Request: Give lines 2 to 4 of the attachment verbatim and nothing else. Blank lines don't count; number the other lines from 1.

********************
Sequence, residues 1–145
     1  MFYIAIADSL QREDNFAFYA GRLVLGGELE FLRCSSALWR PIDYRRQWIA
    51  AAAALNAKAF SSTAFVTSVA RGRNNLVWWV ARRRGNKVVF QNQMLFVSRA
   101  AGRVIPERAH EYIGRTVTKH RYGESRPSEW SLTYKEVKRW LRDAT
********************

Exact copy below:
     1  MFYIAIADSL QREDNFAFYA GRLVLGGELE FLRCSSALWR PIDYRRQWIA
    51  AAAALNAKAF SSTAFVTSVA RGRNNLVWWV ARRRGNKVVF QNQMLFVSRA
   101  AGRVIPERAH EYIGRTVTKH RYGESRPSEW SLTYKEVKRW LRDAT